Two approaches to objective biodata, designed to achieve the interpretability and stability of rational approaches, yet minimize socially desirable responding, were explored. The first was a quasi‐rational attempt to derive biodata analogs to an existing temperament measure, and then use them as rational scales. The second was a theory‐based variant of criterion‐referenced keying, termed rainforest empiricism. Both were utilized with two consecutive classes of U.S. Military Academy cadets (n= 2,565) to predict leadership performance over four rating periods. The biodata analogs to the temperament measure added incremental validity over the Academy's current admissions package and had significantly smaller correlations with a social desirability scale than their equivalent temperament scales. Scales developed with the rainforest approach had higher incremental validities and lower social desirability. Both methods demonstrated satisfactory stability upon cross‐validation, and provided complementary interpretability. Advantages to each approach, and the implications for their use, are discussed.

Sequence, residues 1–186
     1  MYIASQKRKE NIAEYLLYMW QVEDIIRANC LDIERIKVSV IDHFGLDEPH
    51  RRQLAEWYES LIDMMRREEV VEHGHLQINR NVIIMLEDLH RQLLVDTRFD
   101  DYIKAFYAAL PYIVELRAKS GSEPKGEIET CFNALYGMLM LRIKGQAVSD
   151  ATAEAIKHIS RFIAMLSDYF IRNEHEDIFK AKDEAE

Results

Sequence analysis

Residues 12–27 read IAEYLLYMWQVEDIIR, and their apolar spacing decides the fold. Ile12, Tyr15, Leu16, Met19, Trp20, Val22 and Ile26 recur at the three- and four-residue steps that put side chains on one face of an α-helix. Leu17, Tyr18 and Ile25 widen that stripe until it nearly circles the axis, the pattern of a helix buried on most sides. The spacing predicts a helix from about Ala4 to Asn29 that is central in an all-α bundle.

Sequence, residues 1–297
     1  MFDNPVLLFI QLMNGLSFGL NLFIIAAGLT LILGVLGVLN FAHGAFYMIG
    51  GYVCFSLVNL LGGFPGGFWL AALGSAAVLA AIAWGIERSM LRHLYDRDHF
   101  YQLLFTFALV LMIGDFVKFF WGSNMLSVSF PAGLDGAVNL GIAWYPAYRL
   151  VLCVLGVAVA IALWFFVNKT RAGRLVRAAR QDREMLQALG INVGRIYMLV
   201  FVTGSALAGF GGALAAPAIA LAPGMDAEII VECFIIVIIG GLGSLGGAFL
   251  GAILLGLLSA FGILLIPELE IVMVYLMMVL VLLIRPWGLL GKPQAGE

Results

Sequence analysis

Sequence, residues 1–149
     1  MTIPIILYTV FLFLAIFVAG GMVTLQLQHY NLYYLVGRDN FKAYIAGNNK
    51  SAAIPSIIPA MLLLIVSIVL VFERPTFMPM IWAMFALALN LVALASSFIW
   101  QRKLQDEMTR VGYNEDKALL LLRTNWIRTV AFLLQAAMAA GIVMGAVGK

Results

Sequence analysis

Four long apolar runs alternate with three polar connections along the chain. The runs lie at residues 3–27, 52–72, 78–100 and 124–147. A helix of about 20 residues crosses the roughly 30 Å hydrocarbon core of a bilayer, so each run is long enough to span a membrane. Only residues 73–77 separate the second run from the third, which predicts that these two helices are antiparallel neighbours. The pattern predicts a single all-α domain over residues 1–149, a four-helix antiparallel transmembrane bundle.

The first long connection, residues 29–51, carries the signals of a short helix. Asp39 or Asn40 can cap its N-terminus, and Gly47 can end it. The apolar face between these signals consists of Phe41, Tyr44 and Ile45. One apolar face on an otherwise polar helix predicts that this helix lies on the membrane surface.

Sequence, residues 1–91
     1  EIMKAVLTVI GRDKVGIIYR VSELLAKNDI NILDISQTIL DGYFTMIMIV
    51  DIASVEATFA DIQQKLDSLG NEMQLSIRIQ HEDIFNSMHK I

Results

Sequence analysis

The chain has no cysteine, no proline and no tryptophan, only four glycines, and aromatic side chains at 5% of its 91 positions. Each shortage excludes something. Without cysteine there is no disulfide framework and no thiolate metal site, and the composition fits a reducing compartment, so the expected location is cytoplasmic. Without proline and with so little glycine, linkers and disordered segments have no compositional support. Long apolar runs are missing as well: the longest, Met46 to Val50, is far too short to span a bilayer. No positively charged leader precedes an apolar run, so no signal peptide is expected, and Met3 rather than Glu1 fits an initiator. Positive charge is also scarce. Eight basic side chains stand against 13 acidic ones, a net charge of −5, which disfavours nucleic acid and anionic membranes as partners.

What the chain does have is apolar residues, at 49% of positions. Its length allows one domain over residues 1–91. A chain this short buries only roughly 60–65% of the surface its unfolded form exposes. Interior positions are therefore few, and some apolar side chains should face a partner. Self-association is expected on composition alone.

Personnel Psychology – Wiley
Published: Dec 1, 1993
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